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Great Music in a Great Space

Cathedral Concerts kicks off its 25th anniversary season

First published in the West End Word July 25, 2017. Reprinted by permission.

By Eileen P. Duggan

The St. Louis Cathedral Concerts series began its 25th season on Aug. 9 with a concert by Libera, an internationally known boys choir from South London. Eleven more concerts will follow, all programmed to take advantage of the unusual acoustics of the Catholic Cathedral Basilica of St. Louis, 4431 Lindell Blvd. in the Central West End.

“We are thrilled to be kicking off the season with such an amazing group,” said Scott Kennebeck, executive director of St. Louis Cathedral Concerts. “They are unlike any other boy band you have ever heard, with their shimmering, mystical chords and ecstatic harmonies.”

Scott Kennebeck

Scott Kennebeck, executive director of St. Louis Cathedral Concerts, inside the Cathedral Basilica of St. Louis. Kennebeck has been singing in the Cathedral Basilica since he was 8 years old. Photo by Ursula Ruhl

Cathedral Concerts, a 501(c)3 nonprofit organization, promotes cultural enrichment, education and enjoyment by presenting affordable, live concerts by international, national and local musical artists in the Cathedral Basilica on Lindell Boulevard. The concerts feature world-class musicians performing the finest repertoire of sacred and classical music. Since the inaugural season of 1993-94, the organization has encouraged patrons to “experience great music in a great space.”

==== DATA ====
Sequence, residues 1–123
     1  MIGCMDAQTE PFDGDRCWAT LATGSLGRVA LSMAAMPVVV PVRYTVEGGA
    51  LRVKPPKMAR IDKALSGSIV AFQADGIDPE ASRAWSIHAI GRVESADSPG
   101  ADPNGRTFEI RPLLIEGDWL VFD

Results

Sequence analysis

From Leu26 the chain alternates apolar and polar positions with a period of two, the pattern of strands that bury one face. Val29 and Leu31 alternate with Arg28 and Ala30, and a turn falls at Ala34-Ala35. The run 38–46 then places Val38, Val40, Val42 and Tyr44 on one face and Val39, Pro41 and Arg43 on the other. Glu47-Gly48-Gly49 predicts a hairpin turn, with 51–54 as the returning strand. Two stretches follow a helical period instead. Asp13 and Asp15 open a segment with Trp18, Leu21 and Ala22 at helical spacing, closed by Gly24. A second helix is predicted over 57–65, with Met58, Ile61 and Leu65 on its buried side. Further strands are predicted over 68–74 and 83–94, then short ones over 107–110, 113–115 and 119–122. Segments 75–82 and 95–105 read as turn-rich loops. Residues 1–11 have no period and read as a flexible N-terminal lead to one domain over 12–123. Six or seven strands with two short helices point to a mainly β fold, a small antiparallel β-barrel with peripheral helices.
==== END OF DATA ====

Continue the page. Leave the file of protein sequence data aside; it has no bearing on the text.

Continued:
More than one listener has noted that the music and the space are perfect for each other. “It seemed as if the Basilica had been constructed explicitly for the presentation of this concert, this space, and its acoustics were so fully utilized,” said A. Dennis Sparger, music director and conductor of the Bach Society of St. Louis, in a past review.

The cathedral’s cavernous space with mosaics covering all interior surfaces allows sound to travel, echo and expand.

“The composers knew they were writing for that acoustic,” said Kennebeck, noting that what works best in the space is vocal music, chant and Renaissance music. “For singing, it’s wonderful. It gives the opportunity for singers to relax and just sing. The room fills itself. Performers that are used to that take advantage of it.”

For the audience, it takes some acclimating. “It’s not like listening to a piece in a dry hall,” Kennebeck said. “People need to be aware that they’re not going to hear the second violin distinctively. Our space has an ethereal quality that lends another dimension.”

Kennebeck should know. No stranger to church music, he started singing in the cathedral’s Pontifical Boys Choir at age 8. He now sings in the Cathedral Basilica Choir and Archdiocesan Choir, and is cantor for the Cathedral Parish. He is principal tenor for the American Kantorei in the Bach at the Sem series at Concordia Seminary and has served as a cantor at masses in all four major basilicas in Rome.